In December 2013, The Guardian, in collaboration with The Texas Observer and the Portland Press Herald, obtained, published and analyzed 40 grant proposals from SPN regular member organizations. The grant proposals sought funding through SPN from the Searle Freedom Trust. According to The Guardian, the proposals documented a coordinated strategy across 34 states, "a blueprint for the conservative agenda in 2014." The reports described the grant proposals in six states as suggesting campaigns designed to cut pay to state government employees; oppose public sector collective bargaining; reduce public sector services in education and healthcare; promote school vouchers; oppose efforts to combat greenhouse gas emissions; reduce or eliminate income and sales taxes; and study a proposed block grant reform to Medicare.[22][23][24][25][26] Brooke Rollins, president and CEO of the SPN member organization Texas Public Policy Foundation (TPPF), and TPPF policy analyst John Daniel Davidson, in an article posted on the National Review website, said The Guardian was attempting to intimidate those who support libertarian organizations and to undermine the freedoms of expression and association, and said that The Guardian is part of "the activist Left," described as "a deliberate, coordinated effort across the political left to silence Americans who speak against — and lawfully resist — the growth of government power."[27]

Political influence[edit]

In 2006, three former presidents of SPN member organizations were serving as Republicans in the United States House of Representatives: Mike Pence of Indiana, Jeff Flake of Arizona, and Tom Tancredo of Colorado.[19] National Review described them as having "used SPN organizations as political springboards."[15]

SPN introduced model legislation for state legislators to implement on the state level to undermine the Affordable Care Act.[28] The organization also pushed for states not to expand Medicaid.[28]


SPN is a 501(c)(3) nonprofit organization. Its independently audited 2013 Internal Revenue Service Form 990 showed $8 million in revenue and $8.4 million in expenditures, of which $1.3 million was used for grants and payments to other organizations.[29][30] The organization received a Charity Navigator score of 88 out of 100 in its most recent evaluation.[29]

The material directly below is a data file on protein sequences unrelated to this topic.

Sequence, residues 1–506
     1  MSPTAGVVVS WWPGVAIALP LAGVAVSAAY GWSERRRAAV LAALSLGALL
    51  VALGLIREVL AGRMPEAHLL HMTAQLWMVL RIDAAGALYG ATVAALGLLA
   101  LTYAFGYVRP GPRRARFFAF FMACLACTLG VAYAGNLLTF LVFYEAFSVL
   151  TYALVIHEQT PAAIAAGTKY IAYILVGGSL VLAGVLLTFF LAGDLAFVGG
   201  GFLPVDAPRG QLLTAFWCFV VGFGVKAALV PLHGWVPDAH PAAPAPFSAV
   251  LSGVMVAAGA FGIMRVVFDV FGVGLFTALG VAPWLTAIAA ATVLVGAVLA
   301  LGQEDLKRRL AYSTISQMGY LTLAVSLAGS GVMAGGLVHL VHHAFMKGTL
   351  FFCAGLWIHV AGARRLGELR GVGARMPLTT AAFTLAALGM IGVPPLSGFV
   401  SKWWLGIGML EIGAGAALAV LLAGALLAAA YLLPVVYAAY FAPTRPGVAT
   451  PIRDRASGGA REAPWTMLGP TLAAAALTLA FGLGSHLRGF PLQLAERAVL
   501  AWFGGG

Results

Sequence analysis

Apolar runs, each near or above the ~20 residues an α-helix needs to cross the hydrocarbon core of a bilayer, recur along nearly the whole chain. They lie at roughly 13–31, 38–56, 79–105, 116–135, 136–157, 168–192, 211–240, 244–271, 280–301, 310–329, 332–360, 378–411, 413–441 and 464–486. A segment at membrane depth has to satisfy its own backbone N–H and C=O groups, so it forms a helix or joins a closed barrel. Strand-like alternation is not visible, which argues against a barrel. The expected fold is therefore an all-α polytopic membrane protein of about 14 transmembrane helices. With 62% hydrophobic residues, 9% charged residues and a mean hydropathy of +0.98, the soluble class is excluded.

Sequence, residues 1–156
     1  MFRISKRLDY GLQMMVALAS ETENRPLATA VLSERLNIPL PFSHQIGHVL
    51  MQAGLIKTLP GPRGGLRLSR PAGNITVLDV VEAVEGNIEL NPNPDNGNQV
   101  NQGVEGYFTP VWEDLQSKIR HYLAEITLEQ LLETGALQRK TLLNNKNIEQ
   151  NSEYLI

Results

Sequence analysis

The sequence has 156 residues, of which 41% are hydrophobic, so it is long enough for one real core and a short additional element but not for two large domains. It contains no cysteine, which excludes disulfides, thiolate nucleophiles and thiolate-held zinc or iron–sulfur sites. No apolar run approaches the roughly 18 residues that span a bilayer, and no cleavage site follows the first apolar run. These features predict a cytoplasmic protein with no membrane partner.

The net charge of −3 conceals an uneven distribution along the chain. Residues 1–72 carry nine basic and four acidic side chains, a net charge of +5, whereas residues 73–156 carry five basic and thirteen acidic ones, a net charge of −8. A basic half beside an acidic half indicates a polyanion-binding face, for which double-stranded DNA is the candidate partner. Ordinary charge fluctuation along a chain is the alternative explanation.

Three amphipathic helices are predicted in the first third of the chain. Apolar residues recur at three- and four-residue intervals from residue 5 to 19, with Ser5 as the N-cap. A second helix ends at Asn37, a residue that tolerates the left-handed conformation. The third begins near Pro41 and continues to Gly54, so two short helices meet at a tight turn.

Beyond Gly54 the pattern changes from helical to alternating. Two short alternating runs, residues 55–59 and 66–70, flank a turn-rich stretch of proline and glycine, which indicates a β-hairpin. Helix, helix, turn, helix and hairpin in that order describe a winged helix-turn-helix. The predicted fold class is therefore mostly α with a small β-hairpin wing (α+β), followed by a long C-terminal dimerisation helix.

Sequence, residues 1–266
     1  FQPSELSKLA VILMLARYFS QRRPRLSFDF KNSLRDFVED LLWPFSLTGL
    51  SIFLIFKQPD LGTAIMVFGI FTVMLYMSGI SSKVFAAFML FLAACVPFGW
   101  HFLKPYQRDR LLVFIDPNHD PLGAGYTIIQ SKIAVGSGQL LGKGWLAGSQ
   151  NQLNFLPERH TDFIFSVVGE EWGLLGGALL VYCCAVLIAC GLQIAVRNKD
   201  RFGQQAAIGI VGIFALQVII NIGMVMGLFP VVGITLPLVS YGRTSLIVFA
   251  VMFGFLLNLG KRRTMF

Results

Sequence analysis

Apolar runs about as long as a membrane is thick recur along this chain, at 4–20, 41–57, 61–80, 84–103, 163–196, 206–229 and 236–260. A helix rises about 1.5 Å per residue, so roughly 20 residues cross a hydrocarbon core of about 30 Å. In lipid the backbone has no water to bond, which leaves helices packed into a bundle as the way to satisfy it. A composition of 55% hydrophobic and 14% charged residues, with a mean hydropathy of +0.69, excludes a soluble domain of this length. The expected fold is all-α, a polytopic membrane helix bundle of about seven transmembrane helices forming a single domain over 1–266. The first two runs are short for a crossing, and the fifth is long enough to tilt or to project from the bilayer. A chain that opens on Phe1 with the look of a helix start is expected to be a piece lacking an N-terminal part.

In 2013, Sharp told Politico that like most nonprofits, SPN keeps its donors private and voluntary.[31] In 2011, Mother Jones reported that SPN is largely funded by donations from foundations, including the Lovett and Ruth Peters Foundation, the Castle Rock Foundation, and the Bradley Foundation.[14] A 2013 article by The Guardian said that SPN received funding from the Koch brothers, Philip Morris, Kraft Foods and GlaxoSmithKline.[22] Other corporate donors to SPN have included Facebook, Microsoft, AT&T, Time Warner Cable, Verizon, and Comcast.[32][33] Between 2008 and 2013, SPN received $10 million from Donors Trust, a nonprofit donor-advised fund. In 2011, the approximately $2 million investment from Donors Trust accounted for about 40% of annual revenue.[34]

In September 2020, an analysis by the Center for Media and Democracy identified the sources for $41 million in contributions to SPN between 2014 and 2019. Of that amount, the top five funders gave a combined $34.1 million, of which $26.6 million came from two funding vehicles of the Koch network - DonorsTrust and Donors Capital Fund. The third-largest funder, at $4.2 million, was Searle Freedom Trust, which also gave $4.5 million directly to 17 SPN affiliates in 2018. The fourth-largest was the Walton Family Foundation; the fifth was the Bradley Foundation.[35][better source needed]


SPN provides grant funding to its member organizations for start-up costs and program operating expenses.[14][22][30][34] In 2011, SPN granted $60,000 in start-up funds to the Foundation for Government Accountability, a free market think tank based in Naples, Florida.[36] SPN also provides practical support to its members, who meet each year at SPN conferences. SPN member organizations exchange ideas and provide training and other support for each other.[19] A spokesperson for the progressive advocacy group People for the American Way said in 2008 that SPN trained its member organizations to run like business franchises.[37] In a 2013 statement to The New Yorker, SPN president Sharp denied that SPN was a franchise and said that member organizations were free to select their own staff and priorities.[12]